December 10, 2001
Senate Republican Leadership Stimulus Plan Retains Ineffective And Costly Proposals
by Joel Friedman and Robert Greenstein
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Republican Senators Pete Domenici, Trent Lott, Charles Grassley, and Christopher Bond presented an "alternative" stimulus plan on November 26 as part of the fledgling negotiation process to reach agreement on a package of tax cuts and program increases to stimulate the economy.
- This Senate Republican leadership proposal retains some of the more costly and ineffective stimulus provisions that have been proposed, notably the repeal of the corporate Alternative Minimum Tax and the acceleration of income-tax rate reductions in the 28 percent bracket.
- Further, the alternative eschews one of the most effective and badly needed types of stimulus measures fiscal relief to states to ease the need for states to cut programs or raise taxes during an economic downturn and instead would cause states to lose additional tax revenue and to have to institute larger budget cuts or tax increases in the months ahead.
- While providing generous tax cuts to business that would likely have little stimulative effect, the plan offers only modest assistance to unemployed workers.
The Senate Republican alternative also includes a proposal that would cancel for one month the Social Security payroll tax paid by workers and their employers. A payroll tax holiday is unlikely to yield much stimulus relative to its $38 billion cost. Claims that the holiday can be implemented quickly appear overly optimistic, and it would not provide much assistance to low-income workers, particularly when compared to the supplemental rebate for low- and moderate-income families a provision that is part of all other stimulus plans, including the House-passed package, but is missing from the Senate Republican alternative.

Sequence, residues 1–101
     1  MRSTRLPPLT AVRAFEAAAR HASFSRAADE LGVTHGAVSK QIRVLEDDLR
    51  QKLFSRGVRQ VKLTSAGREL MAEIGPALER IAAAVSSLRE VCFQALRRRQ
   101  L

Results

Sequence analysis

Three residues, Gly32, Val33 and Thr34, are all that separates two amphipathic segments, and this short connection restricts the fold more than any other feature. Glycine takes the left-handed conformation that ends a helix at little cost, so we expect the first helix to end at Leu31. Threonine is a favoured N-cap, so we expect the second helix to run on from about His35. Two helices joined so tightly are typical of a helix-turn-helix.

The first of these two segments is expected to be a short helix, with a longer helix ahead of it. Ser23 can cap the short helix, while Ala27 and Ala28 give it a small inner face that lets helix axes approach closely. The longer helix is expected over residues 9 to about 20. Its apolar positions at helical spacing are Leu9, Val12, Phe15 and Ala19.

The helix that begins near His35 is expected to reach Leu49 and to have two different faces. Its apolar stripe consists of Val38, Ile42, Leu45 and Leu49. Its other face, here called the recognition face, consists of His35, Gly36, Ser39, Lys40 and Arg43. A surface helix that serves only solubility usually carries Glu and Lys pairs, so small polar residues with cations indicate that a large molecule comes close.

Overall, the Senate Republican alternative, with a ten-year price tag of $142 billion, is a relatively expensive package costing nearly twice as much over ten years as the Senate Finance Committee plan. (See table on page 3.) Moreover, $43 billion of this cost occurs after 2002, when most economists predict the economy to be recovering from the recession. Costs incurred after 2002 offer no near-term stimulus and would place more pressure on the budget an unwise policy, particularly in the light of the recent acknowledgment by the Administration's Budget Director that the budget will be in deficit for the next several years.
Payroll Tax Holiday Unlikely to be Effective Stimulus
The one innovation in the Senate Republican alternative is a month-long payroll tax holiday. The proposal applies to both the employee and employer shares of the payroll tax, so the tax-cut benefits this measure would provide would be divided among employees and employers. Thus, it is as much a tax cut for business as for workers. Overall, the proposal does not appear to live up to the claims of its supporters; it is likely to be relatively ineffective as a stimulus measure.(1)
- It is extremely unlikely that this tax holiday could be implemented in time to boost Christmas spending or in January, as some of the proposal's supporters have suggested. According to a recent analysis issued by several associations of payroll managers, it may in fact take a number of months to implement this proposal. To be effective, stimulus should be delivered sooner rather than later.
- The proposal does not offer significant benefits to low-income workers a group that is most likely to spend any extra funds, thereby giving a needed boost to the economy particularly when compared with the supplemental rebate proposal. Workers earning the minimum wage, for instance, would receive about $50 from the payroll tax holiday but would receive six times as much from the rebate. (If they are married and their spouse does not work, the rebate would be 12 times as great as the payroll tax holiday.)
- The share of the payroll tax holiday that benefits business will have little effect in stimulating the economy, because it does not require firms to undertake new investment to receive the tax cut. Unless tied to new investments, business tax breaks tend to be retained by companies or distributed to owners and shareholders in the form of higher dividends, rather than spent on new investments. Indeed, Federal Reserve data show that from the end of 1999 to the middle of 2001, holdings of liquid financial assets by nonfarm, nonfinancial corporations rose by more than $100 billion (a 17 percent increase). Injecting more cash into these companies without linking it to new investment, as the payroll tax holiday will do, is unlikely to have much effect in stimulating the economy.
- The half of the payroll tax cut that would go to individual taxpayers would be distributed to higher-income taxpayers to a greater degree than the tax rebates issued last summer, and the lion's share of those rebates appears to have been saved rather than spent. This reality, along with the fact that half of the tax reduction would be provided in a windfall to businesses, suggests that the bulk of the tax reduction from a payroll tax holiday, as well, would be saved.